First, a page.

Tom Curley (Credit: Richard Drew)
Associated Press CEO Tom Curley, who recently announced that he’ll be retiring this year, discussed challenges facing news outlets — from revenue streams to increased opinions in many newsrooms — and other media matters in an Q-and-A with Joe Strupp.
The 63-year-old Curley told the former Editor & Publisher reporter — now at Media Matters for America — that he has no set date to leave his post and has no definite plans for his future.
What brought this retirement decision about?
Normal transition. When the odometer hits a certain point, you have to consider it and the time seems right. We’re at a stable place, contract, long term contracts are set, all of our major technology will roll out.
What has been the biggest change in media in during your nine years atop AP?
It’s easy to describe the transition from the old broadcast model of many to one to increasingly personalization of media from one to many to many to one, that is the change that we all have to address, increasing customization.
What has seen the most relevant impact? Internet? Cable? Radio?
Customization affects all media platforms, the digital shift obviously enables that, but even the digital players that don’t allow for customization are losing ground. So it’s about personalization. Read More
Doctored? I don’t know. [Update: It wasn't]
This above image from the Nampa-based Idaho Press-Tribune was sent to me by an Idaho TV journalist who writes: “This dropped on to our Facebook page today… it’s legit. It’s a spadea wrap… clearly wasn’t too carefully laid out.” || UPDATE: “That was not Photoshopped,” managing editor Vickie Holbrook tells me this morning. Albertsons complained about the headline/ad placement, she says, and the paper is making changes so something like this doesn’t happen again. From now on, ad wraps will cover all front-page news content.
Tribune’s monthly operating report filed with the bankruptcy court last week says the company’s bill for professional fees since its 2008 Chapter 11 filing now totals $212.9 million, with another $17.8 million on lawyers’ expenses, reports Crain’s Lynne Marek. (The fees totaled $157 million last May, according to a Wall Street Journal story from that month.) Crain’s reports today:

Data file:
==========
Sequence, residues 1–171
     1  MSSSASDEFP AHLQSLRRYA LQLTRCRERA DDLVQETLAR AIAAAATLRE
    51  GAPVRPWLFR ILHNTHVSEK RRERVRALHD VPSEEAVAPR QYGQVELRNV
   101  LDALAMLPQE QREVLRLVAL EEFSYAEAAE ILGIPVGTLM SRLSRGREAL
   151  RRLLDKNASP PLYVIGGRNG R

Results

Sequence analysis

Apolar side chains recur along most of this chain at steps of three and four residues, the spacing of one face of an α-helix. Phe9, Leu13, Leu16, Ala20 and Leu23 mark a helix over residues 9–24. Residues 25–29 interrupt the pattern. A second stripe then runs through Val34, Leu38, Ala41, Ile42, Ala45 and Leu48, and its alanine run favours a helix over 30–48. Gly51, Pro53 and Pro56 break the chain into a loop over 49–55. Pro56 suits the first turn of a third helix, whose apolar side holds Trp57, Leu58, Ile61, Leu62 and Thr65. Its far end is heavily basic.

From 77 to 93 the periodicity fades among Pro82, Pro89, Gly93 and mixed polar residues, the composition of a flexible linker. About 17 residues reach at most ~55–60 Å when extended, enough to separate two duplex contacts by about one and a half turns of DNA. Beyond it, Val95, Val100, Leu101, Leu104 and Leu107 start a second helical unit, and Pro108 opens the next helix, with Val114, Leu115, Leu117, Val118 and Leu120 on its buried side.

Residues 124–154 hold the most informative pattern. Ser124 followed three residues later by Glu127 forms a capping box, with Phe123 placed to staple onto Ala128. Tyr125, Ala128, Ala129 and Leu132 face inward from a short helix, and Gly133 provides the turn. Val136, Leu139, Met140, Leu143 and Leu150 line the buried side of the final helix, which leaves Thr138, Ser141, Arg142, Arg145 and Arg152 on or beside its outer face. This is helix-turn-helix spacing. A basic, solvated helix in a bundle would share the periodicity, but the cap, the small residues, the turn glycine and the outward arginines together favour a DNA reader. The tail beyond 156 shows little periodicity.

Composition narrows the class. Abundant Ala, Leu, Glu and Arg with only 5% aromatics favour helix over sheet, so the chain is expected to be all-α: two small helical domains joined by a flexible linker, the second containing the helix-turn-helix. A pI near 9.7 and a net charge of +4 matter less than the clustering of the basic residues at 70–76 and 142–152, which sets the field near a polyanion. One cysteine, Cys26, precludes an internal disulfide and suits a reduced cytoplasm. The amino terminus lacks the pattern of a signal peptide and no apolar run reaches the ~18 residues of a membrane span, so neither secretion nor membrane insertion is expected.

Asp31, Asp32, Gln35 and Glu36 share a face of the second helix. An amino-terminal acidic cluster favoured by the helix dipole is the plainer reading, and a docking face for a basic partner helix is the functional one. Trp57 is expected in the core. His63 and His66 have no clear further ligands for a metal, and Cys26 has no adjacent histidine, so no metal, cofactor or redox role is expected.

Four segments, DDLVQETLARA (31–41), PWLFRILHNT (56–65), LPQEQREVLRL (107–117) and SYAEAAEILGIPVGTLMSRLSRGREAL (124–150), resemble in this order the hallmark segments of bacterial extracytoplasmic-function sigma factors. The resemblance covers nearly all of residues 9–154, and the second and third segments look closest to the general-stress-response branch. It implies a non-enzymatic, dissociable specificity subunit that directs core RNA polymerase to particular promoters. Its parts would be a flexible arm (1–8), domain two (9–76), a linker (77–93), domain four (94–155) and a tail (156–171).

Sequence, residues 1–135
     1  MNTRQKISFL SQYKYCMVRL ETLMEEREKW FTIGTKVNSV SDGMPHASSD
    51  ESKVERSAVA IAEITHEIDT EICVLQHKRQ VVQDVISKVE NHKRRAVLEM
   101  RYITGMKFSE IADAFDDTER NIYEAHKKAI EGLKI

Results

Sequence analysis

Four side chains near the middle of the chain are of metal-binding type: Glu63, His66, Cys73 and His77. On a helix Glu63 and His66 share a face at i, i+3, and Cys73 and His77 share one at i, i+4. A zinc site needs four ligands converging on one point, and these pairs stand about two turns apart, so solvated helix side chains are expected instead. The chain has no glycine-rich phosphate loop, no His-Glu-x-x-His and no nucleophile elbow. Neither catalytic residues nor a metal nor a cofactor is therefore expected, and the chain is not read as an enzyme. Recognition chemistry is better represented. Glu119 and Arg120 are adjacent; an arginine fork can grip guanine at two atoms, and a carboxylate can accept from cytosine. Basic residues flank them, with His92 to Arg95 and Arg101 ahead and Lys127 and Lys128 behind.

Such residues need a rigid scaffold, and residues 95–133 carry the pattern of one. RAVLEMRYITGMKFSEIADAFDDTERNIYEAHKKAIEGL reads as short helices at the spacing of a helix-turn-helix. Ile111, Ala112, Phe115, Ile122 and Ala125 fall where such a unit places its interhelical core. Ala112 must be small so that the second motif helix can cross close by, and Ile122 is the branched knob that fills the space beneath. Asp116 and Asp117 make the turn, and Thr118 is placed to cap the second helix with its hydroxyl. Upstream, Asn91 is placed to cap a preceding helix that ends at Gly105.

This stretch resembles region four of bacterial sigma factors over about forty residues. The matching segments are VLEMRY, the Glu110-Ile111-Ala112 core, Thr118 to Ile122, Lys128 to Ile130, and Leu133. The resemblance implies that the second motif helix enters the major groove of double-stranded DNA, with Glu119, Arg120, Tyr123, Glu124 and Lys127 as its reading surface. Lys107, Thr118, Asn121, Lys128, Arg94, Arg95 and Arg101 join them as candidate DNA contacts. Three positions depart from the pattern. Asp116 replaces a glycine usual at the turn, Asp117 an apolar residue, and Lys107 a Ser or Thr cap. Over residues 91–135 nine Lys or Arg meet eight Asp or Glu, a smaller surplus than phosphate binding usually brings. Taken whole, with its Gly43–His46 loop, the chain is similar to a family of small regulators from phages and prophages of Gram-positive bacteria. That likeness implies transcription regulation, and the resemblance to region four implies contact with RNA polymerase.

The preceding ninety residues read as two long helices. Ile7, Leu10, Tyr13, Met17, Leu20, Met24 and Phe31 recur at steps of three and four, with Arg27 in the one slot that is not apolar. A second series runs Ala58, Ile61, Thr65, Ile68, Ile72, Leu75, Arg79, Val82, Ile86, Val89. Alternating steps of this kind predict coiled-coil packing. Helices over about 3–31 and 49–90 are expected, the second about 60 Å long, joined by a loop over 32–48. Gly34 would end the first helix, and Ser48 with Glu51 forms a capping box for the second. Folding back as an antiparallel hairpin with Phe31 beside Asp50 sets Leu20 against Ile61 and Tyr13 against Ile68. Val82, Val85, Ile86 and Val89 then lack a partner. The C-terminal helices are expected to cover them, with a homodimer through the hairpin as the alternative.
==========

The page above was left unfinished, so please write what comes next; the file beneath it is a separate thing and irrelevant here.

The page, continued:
Tribune’s financial results appear to be improving. The monthly operating report filed on Jan. 24 shows the Chicago-based company increased its cash balance to $2.05 billion as of Dec. 25 from $1.78 billion a year earlier.
Net income also rose at year-end, to $62.1 million from Nov. 21 through Dec. 25, vs. $43.3 million for roughly the same period in 2010, the report said. Revenue for the five-week period was flat, at $330.6 million.
* Tribune’s bankruptcy bill is $231 million and counting
* May 2011: Tribune bankrupcy fees hit $150 million
* March 2010: Lawyers in Tribune case warned about charging more than $1,000/hour
Marshall D. Logan
Marshall David Logan is accused of calling 311 and claiming a bomb had been placed in the KLRU public television studios on the University of Texas campus. Police questioned Logan after learning his number was used to make the threat. He admitted to making the call and claimed that bomb was in a piece of meat, reports KXAN.com.
* Austin man arrested in bomb-in-meat call to TV station
These ads have been circulating on Facebook in recent days, but Charles Apple points out in comments that he wrote about them in 2010. (Update: Adweek did too.)
Philadelphia Media Network CEO Greg Osberg has responded to the New York Post story about Alden Global selling its stake in the Inquirer and Daily News. “A single minority owner does not have the right to sell the entire company, only their percentage of ownership,” he writes.
From: Osberg, Greg
Sent: Monday, January 30, 2012 2:19 PM
To: All Philly.com Employees; All PMN Employees
In yesterday’s NY Post there was an article on Alden Global, one of our minority owners. The article discusses some of Alden’s current media investments and speculates what they may be doing in the future. As one of Philadelphia Media Network’s minority shareholders, Alden and other shareholders, have the right to increase or decrease their ownership stake with existing shareholders, or new shareholders at anytime. This type of activity has been taking place since PMN was created in October 2010. A single minority owner does not have the right to sell the entire company, only their percentage of ownership.
If you have any questions on this article, your departmental leaders have been briefed and they are prepared to meet with you. Please stay focused on the tasks at hand so we can achieve our 2012 goals.
* Earlier: Bosses at Philly papers silent on New York Post report
“I think it is fair to say that, among our crowd, the Jan/Feb 2012 issue of The Penn Stater was the most anticipated university magazine edition in many years.” - editor of a blog that covers university magazines
* Once in a Career
Political Fiber, which launches Wednesday, will have news “designed to engage students in both the production and consumption of serious [political] issues coverage,” says a press release. Several recent University of Kansas graduates and current students have been hired to work on the site, along with faculty advisor Pam Fine.
Fine said she was inspired by two goals: to teach and inspire journalism students to do serious public affairs coverage, and second, to help build the demand for it, especially in young adults. She said a media study from Northwestern University in 2008 found an unmet need among college students for political coverage that was specifically geared toward them.
* University of Kansas launches site with political news for students